On this episode of The Custom House we’ll investigate the claims of Milton’s Samson as he argues his holy dispensation as a divine right to be violent and deceitful in marriage as in war.
In this episode of The Custom House we turn to 17th century English poet John Milton for an assessment of love and marriage, or perhaps of lust and betrayal as presented in his play Samson Agonistes published in 1671. On hand to assist us in this is Penelope Anderson an assistant professor in the English Department here at Indiana University whose research aims to show the longstanding historical intersections between the legal and conceptual frameworks of political prisoner, slave, and subjected woman, in order to reveal a new genealogy of human rights articulated in their suspension.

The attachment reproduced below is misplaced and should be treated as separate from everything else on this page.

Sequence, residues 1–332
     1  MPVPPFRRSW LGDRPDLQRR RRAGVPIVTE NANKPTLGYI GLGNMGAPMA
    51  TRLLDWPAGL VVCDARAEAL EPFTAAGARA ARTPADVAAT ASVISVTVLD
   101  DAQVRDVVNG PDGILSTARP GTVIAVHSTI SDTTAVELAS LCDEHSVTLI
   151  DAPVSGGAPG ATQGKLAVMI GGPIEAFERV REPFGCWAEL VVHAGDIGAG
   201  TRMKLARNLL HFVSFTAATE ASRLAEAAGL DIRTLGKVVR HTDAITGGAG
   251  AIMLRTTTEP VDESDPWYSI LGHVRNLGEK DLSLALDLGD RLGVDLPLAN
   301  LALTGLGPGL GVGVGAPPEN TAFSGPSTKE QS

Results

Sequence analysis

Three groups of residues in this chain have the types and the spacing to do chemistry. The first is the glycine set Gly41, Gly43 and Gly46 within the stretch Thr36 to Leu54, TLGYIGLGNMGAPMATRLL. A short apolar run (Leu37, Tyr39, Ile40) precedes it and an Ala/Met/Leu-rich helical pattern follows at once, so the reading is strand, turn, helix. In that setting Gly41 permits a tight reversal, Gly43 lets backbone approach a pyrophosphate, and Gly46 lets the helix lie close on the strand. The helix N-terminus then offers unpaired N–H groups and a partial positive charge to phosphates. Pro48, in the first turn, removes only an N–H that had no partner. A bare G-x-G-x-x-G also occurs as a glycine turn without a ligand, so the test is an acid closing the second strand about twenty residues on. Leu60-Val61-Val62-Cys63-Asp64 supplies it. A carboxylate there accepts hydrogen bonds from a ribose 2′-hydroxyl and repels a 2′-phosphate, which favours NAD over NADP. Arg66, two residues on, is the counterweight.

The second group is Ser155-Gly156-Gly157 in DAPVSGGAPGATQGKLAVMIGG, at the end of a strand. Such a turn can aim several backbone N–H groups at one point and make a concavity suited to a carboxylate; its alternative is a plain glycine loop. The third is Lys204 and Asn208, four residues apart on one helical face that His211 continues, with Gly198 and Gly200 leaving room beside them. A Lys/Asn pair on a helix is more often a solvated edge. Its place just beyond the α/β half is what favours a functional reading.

This extended cut includes two more readings of the text. One is a back-and-forth between Samson and Dalila, lines 732-996; the other comprises lines 1629-1659 where a messenger describes Samson pulling down the pillars supporting the “theatre” (in Milton’s word; the biblical word is “house”).